There had been some concern on the part of PeopleSoft that Oracle was merely seeking to buy PeopleSoft for its lucrative base of application software customers and was not interested in supporting the company's products.
However, several analysts said it was unlikely that Oracle would look to have PeopleSoft develop much in the way of new technology. That could mean a sizable amount of job cuts at PeopleSoft.
"This is a financial acquisition primarily," said John DiFucci, an analyst with Bear Stearns. "Oracle is buying PeopleSoft for its maintenance stream."
To that end, it's worth noting as well that PeopleSoft executives, including CEO and company founder David Duffield did not join Oracle during Monday's conference call. What's more, PeopleSoft put out a separate press release to announce the deal.
In that statement, the company said Oracle's new offer represented, "good value for PeopleSoft stockholders."
"This has been a long, emotional struggle, and our employees have consistently performed well under the most challenging of circumstances," said the statement from A. George "Skip" Battle, chairman of the PeopleSoft board's Transaction Committee.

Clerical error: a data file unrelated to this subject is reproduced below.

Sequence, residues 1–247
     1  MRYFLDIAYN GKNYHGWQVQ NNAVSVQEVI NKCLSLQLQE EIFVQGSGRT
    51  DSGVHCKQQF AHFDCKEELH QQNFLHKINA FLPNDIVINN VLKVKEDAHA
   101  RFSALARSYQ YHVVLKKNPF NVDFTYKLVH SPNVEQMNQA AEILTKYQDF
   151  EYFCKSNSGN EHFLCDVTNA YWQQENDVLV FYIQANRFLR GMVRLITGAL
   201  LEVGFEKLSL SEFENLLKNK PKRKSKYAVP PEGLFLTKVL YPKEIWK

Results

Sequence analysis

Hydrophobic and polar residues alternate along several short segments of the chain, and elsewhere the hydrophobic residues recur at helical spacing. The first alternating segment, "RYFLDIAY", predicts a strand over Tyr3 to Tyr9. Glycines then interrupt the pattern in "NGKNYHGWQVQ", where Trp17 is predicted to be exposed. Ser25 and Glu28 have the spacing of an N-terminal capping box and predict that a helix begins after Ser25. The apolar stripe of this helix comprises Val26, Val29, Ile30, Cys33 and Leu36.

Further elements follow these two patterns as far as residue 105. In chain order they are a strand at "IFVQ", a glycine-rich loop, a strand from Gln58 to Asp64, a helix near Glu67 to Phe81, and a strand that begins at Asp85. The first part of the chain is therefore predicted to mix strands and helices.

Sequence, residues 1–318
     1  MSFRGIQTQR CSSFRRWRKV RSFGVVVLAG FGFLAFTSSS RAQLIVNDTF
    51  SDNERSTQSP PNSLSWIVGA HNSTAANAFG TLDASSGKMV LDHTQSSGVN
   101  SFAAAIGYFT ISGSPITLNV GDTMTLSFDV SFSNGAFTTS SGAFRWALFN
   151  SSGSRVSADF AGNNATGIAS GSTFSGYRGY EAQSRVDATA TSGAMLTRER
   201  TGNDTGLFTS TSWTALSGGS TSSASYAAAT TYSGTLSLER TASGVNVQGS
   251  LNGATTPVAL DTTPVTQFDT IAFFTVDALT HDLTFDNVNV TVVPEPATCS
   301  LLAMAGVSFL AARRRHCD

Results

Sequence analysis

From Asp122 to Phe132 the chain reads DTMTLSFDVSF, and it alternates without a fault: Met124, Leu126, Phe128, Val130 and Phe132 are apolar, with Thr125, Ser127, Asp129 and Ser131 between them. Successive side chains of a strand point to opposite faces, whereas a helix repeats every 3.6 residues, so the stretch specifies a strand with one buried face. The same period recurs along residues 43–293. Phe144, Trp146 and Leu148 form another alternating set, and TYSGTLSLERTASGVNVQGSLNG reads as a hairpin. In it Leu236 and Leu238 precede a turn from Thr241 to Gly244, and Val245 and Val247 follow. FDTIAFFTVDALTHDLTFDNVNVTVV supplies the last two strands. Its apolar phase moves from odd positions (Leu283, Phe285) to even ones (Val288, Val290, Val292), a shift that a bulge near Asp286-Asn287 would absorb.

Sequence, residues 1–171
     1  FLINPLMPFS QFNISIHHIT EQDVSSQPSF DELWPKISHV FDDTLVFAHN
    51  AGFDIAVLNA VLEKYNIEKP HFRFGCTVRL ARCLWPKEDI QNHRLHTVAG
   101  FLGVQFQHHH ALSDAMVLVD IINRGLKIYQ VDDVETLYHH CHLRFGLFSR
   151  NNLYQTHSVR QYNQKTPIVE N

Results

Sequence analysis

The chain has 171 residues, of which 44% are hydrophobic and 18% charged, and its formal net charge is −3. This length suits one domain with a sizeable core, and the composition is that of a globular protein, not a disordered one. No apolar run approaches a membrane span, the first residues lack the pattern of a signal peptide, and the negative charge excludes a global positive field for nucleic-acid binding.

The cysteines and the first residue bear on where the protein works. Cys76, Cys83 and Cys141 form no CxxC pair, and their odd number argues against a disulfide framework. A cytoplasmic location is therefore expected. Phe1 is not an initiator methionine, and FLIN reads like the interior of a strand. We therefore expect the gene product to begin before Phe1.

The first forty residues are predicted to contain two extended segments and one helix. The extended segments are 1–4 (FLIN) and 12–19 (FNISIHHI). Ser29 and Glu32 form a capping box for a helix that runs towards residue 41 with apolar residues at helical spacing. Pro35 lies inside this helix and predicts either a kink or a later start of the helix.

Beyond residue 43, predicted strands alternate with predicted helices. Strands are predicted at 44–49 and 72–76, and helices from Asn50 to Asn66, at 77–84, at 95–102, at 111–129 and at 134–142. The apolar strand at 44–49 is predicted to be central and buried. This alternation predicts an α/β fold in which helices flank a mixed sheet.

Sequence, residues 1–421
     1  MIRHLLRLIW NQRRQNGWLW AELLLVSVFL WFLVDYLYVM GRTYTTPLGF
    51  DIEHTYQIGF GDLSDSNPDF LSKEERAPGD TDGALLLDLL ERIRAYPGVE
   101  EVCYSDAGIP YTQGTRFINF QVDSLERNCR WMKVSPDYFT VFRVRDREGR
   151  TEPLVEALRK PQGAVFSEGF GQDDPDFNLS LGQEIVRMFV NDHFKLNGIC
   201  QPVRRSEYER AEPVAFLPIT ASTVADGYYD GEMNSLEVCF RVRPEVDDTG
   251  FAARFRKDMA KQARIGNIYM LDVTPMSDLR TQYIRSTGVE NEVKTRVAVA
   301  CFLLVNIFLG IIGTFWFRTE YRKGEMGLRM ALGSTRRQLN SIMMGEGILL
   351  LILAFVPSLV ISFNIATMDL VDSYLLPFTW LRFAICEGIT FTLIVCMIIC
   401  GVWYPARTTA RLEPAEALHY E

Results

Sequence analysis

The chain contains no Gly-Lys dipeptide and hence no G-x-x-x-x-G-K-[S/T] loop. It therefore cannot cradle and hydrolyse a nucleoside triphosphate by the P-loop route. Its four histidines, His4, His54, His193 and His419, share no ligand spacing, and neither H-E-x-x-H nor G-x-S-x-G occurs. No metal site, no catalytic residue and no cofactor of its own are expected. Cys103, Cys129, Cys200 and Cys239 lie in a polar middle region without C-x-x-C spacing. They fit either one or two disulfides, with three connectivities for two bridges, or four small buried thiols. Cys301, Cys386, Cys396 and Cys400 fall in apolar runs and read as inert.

Watch out SAP?
Oracle, which generates the majority of its sales from its flagship database software, has struggled to compete with the likes of PeopleSoft and industry leader SAP in the field of application software, which businesses use to automate routine corporate tasks such as human resources and supply chain management.
A combined Oracle-PeopleSoft could be a tougher competitor to SAP, which many analysts say has benefited from the turmoil that the year-and-a-half long takeover battle has created in the software market. Shares of SAP rose slightly in pre-market trading Monday morning.
|Shares of SAP have outperformed PeopleSoft and Oracle during the 18-month takeover battle.
But SAP, and other large software companies like Microsoft, could continue to benefit as Oracle and PeopleSoft take on the challenge of integrating their two firms.